Carrey tried to push into new territory before, but "The Truman Show" is worlds apart from an unlamented misfire like "The Cable Guy." It's hard to imagine another actor as effective as this halest of well-met fellows, someone who can look completely haunted with a what-me-worry smile parked on his face. In the context of this film, Carrey's trademark high-energy mania plays like the result of the unknowing artificiality of his life, precisely the way someone might get if everyone he knew was secretly more of a co-star than a friend.
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     In addition to being consistently moving and funny, "The Truman Show," almost as an aside, makes accurate satiric points about conformity, commercialism, the desire to play god, and what can happen when television, or any other medium, permanently blurs the lines between what's real and what's on screen.
     Yet despite these subversive underpinnings, what's perhaps most engaging about "The Truman Show" is the way it still delivers vintage Hollywood satisfactions to an audience. With a beleaguered hero determined to live free or die, "The Truman Show" demonstrates a belief in the indomitability of the human spirit that is as four-square as anything Frank Capra put on screen.
     Weir is especially critical to "Truman's" success. Benefiting from 14 months of prep time (because Carrey had commitments to a pair of other films), Weir created and sustained the essential low-key tone for this project. He also paid special care to the casting (including small but pivotal roles like Natascha McElhone as the woman who haunts Truman's dreams and Harry Shearer as an especially unctuous TV interviewer).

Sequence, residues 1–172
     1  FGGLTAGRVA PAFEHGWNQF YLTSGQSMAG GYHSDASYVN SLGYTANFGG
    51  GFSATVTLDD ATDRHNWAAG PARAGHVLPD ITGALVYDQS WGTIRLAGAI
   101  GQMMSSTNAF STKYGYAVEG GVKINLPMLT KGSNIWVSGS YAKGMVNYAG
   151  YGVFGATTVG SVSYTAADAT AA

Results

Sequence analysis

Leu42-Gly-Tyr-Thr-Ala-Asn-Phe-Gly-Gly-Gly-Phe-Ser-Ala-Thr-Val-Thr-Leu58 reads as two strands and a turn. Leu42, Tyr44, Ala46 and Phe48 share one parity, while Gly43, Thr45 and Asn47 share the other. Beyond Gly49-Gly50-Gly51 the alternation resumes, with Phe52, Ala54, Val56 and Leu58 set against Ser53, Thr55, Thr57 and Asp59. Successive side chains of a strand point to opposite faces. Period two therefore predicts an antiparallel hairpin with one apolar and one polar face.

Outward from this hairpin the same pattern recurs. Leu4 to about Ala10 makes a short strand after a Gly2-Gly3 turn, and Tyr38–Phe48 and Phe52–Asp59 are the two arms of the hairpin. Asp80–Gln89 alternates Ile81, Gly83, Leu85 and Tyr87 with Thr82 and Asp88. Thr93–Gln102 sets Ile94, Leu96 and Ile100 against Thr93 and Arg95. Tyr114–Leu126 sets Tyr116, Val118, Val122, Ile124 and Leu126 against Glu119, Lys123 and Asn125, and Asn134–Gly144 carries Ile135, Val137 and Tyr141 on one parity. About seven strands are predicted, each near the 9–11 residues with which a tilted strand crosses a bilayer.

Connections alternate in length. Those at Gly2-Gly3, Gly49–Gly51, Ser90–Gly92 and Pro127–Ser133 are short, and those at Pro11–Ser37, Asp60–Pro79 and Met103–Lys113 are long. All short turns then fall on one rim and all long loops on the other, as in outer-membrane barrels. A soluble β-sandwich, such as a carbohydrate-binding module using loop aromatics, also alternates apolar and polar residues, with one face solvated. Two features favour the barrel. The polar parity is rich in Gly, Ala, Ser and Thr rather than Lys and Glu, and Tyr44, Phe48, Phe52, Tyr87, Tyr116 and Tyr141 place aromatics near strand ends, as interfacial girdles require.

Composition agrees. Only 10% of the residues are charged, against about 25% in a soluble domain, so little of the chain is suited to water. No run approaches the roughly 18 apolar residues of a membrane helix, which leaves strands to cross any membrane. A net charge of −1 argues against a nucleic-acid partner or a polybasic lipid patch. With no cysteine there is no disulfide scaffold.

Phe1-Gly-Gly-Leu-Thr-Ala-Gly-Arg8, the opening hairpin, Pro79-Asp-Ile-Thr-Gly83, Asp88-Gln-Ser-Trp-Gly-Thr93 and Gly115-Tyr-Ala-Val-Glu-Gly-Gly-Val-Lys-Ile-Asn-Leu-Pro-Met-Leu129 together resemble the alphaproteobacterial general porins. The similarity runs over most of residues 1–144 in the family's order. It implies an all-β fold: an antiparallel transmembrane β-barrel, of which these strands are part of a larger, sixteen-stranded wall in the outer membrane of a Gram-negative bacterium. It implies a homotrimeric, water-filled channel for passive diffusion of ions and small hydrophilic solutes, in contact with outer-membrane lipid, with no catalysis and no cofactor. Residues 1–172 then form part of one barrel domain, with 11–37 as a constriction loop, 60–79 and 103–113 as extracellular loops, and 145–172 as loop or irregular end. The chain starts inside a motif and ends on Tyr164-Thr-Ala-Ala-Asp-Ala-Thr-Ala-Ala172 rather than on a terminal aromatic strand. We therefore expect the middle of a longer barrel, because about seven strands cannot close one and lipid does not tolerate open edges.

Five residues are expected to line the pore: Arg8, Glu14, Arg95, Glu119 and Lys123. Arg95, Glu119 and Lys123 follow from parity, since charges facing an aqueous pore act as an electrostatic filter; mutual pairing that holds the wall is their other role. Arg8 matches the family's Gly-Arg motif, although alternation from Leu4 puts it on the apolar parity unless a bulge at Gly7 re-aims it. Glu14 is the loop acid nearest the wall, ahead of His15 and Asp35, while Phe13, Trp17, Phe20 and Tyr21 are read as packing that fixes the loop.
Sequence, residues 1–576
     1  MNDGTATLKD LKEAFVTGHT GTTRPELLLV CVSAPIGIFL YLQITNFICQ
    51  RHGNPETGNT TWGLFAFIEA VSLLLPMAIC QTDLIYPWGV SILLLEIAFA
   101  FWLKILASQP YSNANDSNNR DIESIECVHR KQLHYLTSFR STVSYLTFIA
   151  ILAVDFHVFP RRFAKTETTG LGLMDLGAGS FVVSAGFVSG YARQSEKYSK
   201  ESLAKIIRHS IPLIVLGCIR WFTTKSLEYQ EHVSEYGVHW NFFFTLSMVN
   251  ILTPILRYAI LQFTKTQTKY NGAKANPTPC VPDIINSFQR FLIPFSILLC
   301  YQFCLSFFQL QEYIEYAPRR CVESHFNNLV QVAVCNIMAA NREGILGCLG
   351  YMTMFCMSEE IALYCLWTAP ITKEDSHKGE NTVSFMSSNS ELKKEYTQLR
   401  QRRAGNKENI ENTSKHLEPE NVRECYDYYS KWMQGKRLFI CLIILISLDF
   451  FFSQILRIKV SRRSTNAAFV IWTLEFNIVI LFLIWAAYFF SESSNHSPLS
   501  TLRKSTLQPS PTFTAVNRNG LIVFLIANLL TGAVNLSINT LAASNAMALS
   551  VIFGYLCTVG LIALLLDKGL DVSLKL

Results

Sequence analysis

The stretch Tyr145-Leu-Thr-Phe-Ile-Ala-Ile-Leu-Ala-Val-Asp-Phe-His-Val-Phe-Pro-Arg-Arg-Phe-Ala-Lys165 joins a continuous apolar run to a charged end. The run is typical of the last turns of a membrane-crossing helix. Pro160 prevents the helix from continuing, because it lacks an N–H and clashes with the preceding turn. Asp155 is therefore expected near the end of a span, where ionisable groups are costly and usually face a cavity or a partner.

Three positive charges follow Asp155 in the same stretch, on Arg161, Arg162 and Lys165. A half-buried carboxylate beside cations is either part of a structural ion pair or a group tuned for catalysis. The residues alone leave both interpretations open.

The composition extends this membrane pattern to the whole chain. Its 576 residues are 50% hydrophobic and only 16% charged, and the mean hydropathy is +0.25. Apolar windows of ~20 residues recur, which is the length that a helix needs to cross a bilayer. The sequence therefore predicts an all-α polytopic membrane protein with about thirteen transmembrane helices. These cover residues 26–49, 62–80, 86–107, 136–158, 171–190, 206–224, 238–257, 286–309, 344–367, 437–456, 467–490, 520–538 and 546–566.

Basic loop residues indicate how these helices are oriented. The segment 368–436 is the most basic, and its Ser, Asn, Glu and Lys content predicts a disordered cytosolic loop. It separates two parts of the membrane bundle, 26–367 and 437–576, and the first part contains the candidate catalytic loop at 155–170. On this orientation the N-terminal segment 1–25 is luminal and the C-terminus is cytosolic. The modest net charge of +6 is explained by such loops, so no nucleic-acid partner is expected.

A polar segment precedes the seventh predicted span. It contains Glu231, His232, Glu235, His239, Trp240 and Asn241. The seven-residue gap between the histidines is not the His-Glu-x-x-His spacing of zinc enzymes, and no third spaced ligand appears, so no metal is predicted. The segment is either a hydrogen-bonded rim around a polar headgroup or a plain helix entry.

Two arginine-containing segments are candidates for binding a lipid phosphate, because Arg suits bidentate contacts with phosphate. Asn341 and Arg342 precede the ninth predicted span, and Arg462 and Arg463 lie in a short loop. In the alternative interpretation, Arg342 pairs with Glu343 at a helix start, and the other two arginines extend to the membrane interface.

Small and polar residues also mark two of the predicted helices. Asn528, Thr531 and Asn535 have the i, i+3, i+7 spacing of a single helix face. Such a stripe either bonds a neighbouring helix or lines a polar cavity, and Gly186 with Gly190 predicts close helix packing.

Like any current film, this venture has precedents, everything from Rod Serling's "Twilight Zone" series to Paul Bartel's prescient 1965 "Secret Cinema." But "The Truman Show" has been so carefully and thoughtfully worked out, it's so much its own film, that viewers will be justified in feeling that they've never seen anything quite like it. And how often can you say that in this derivative age?


The Truman Show, 1998. PG, for thematic elements and mild language. A Scott Rudin production, released by Paramount Pictures. Director Peter Weir. Producers Scott Rudin, Andrew Niccol, Edward S. Feldman, Adam Schroeder. Executive producer Lynn Pleshette. Screenplay Andrew Niccol. Cinematographer Peter Biziou. Editors William Anderson, Lee Smith. Costumes Marilyn Matthews. Music Burkhard Dallwitz. Production design Dennis Gassner. Art director Richard L. Johnson. Set decorator Nancy Haigh. Running time: 1 hour, 44 minutes. Jim Carrey as Truman Burbank. Laura Linney as Meryl. Noah Emmerich as Marlon. Natascha McElhone as Lauren/Sylvia. Holland Taylor as Truman's mother. Brian Delate as Truman's father. Ed Harris as Christof.